lean in/lean out/

This is what happens when you have something else to do; the resting brain has you think of something so special that you must share.

Or is it that you must share because you don’t want to do those things you have to do?

Either way, this is about the season, and how things are oh-so often synchronistic.

All this talk lately about Sheryl Sandberg and her book Lean In: Women, Work, and the Will to Lead. This is the publishers’ description of her book:

Thirty years after women became 50 percent of the college graduates in the United States, men still hold the vast majority of leadership positions in government and industry. This means that women’s voices are still not heard equally in the decisions that most affect our lives. In Lean In, Sheryl Sandberg examines why women’s progress in achieving leadership roles has stalled, explains the root causes, and offers compelling, commonsense solutions that can empower women to achieve their full potential.

Oh, I see this is going to be a long entry. I’m including a lot because I know you don’t have time to look at it all.

Then there was the article from New York Magazine, The Retro Wife; Feminists who say they’re having it all—by choosing to stay home:

But what if all the fighting is just too much? That is, what if a woman isn’t earning Facebook money but the salary of a social worker? Or what if her husband works 80 hours a week, and her kid is acting out at school, and she’s sick of the perpetual disarray in the closets and the endless battles over who’s going to buy the milk and oversee the homework? Maybe most important, what if a woman doesn’t have Sandberg-Slaughter-Mayer-level ambition but a more modest amount that neither drives nor defines her?

and at the end of the article:

Kelly loved her old profession and does not want to be painted as betraying the goals of feminism. She prefers to see herself as reaching beyond conventional ideas about what women should do. “I feel like we are evolving into something that is not defined by those who came before us,” she says. By making domesticity her career, she and the other stay-at-home mothers she knows are standing up for values, such as patience, and kindness, and respectful attention to the needs of others, that have little currency in the world of work. Professional status is not the only sign of importance, she says, and financial independence is not the only measure of success.

And another reaction in the Atlantic:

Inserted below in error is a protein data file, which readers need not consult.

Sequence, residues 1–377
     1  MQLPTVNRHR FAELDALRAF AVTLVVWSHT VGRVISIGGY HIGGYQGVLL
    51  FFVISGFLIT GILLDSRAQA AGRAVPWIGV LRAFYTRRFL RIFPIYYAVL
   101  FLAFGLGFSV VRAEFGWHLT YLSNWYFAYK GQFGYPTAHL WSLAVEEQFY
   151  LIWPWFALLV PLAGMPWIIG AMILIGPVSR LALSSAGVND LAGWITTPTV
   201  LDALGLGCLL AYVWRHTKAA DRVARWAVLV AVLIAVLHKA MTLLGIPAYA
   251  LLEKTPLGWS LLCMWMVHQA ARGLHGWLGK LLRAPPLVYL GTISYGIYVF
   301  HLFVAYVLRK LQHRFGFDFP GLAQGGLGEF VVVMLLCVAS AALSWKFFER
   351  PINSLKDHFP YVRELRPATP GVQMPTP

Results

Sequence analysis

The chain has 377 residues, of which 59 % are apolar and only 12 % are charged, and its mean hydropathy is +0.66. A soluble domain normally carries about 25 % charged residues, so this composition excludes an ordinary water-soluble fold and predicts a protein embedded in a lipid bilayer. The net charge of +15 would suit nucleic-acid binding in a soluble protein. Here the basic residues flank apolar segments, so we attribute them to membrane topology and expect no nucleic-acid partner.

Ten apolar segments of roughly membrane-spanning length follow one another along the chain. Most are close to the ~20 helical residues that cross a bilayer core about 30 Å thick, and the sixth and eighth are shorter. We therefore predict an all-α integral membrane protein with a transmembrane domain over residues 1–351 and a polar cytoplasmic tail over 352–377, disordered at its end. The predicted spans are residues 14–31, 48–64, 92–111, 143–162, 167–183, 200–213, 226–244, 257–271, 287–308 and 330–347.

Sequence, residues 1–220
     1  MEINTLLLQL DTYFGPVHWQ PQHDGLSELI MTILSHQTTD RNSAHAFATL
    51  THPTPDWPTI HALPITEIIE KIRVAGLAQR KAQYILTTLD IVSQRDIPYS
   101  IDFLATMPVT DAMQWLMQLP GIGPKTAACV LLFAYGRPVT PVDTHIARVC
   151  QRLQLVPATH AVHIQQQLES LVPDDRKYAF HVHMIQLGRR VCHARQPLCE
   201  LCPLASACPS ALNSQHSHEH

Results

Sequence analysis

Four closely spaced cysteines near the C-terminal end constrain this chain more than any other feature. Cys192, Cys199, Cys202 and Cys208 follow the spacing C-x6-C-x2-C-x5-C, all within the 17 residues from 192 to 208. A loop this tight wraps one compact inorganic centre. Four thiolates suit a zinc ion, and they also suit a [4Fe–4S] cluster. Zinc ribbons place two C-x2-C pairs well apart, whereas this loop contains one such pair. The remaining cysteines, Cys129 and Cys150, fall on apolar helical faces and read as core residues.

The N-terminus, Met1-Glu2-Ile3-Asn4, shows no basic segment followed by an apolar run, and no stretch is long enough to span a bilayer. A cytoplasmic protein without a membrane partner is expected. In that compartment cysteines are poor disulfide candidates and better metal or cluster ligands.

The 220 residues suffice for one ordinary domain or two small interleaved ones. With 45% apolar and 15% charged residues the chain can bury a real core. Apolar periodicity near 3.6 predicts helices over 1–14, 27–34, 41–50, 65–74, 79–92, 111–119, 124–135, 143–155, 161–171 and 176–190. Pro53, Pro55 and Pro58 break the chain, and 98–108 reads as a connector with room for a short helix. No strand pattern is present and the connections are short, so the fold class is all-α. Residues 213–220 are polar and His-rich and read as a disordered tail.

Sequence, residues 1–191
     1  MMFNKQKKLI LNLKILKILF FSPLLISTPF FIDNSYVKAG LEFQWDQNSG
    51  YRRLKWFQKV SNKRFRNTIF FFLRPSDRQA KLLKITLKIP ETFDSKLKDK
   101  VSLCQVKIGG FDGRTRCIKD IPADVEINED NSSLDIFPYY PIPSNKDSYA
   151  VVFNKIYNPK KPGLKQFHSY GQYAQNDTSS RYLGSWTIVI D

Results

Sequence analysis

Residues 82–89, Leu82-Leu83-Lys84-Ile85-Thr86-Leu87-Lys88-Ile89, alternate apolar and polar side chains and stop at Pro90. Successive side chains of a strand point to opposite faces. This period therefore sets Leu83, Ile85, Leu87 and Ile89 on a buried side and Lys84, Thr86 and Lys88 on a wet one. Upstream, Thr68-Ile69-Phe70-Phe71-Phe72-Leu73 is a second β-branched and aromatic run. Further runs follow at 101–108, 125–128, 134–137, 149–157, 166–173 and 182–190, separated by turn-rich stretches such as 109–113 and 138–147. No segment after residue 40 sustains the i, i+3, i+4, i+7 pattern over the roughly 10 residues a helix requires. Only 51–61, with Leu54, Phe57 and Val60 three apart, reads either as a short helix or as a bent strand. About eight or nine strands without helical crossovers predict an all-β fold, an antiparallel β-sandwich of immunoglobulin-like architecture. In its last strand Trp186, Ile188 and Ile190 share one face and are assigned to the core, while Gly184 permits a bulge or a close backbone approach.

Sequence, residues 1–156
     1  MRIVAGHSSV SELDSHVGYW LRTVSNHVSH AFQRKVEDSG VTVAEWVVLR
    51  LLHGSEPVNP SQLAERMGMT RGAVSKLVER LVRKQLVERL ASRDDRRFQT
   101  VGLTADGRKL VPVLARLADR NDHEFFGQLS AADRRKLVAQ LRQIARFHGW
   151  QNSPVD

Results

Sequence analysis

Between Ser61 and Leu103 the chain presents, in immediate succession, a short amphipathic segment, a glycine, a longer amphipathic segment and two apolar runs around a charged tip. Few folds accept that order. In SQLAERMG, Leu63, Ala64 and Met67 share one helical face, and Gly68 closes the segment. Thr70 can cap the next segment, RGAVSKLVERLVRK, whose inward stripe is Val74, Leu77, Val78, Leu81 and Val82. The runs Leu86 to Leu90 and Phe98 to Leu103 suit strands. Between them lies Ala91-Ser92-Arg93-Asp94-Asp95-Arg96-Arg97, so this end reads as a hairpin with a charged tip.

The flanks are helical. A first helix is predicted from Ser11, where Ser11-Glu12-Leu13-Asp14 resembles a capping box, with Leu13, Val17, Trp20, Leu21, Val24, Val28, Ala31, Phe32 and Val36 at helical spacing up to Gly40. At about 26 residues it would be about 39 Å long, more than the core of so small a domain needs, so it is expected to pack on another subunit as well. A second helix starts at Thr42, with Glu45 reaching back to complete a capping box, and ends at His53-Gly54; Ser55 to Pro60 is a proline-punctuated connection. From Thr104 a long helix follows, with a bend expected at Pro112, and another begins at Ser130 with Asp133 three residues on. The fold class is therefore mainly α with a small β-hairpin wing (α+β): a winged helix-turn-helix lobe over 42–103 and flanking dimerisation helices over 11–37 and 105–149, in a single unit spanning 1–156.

An up-to-date manifesto on women and work should steer clear of encounter groups and boys-must-play-with dolls rhetoric. It should make room for human reality: that in the pursuit of happiness, men and women often take different paths. Gender differences can sometimes be symptoms of oppression and subordination. But in a modern society they can also be the felicitous consequences of liberated choice—of the “free to be you and me” that women have been working towards for generations.

I was very happy to listen to a great discussion yesterday on CBS News This Morning with “New York Magazine’s Lisa Miller [from the magazine article above], Cosmopolitan’s Joanna Coles and Debora Spar of Barnard College speak about Facebook executive Sheryl Sandberg’s “lean in” argument, and how it differs from a new “lean out” trend seen among some women.”

You can watch it at CBS (I can’t get it to embed here.) Here’s a photo of the group.

View image on Twitter

And then there was this valuable and frank reaction to the foolish CNN reporter on the Steuvenville trial;stop talking at us or about us. We’re in the room.

And when we frame all women as being someone’s wife, mother or daughter, what are we teaching young girls?

We are teaching them that in order to have the law on their side, they need to be loved by men. That they need to make themselves attractive and appealing to men in order to be worthy of protection. That their lives and their bodily integrity are valueless except for how they relate to the men they know.

The truth is that I am someone’s wife. I am also someone’s mother. I am someone’s daughter, and someone’s sister. But those are not the things that define me, or make me valuable in this world. Those are not the reasons that I should be able to live a life free from rape, sexual assault or any kind of violent crime.

I have value because I am a person. Full stop. End of argument. This isn’t even a discussion that we should be having.

So please, let’s start teaching that fact to the young women in our lives. Teach them that you love, honour and value them because of who they are. Teach them that they should expect to be treated with integrity because it’s a basic human right. Teach them that they do not deserve to be raped because no one ever, ever, ever deserves to be raped.

Above all, teach them that they are people, too.

I cannot add anything to that.

But I will.

How does this relate to me?

Part II to follow.

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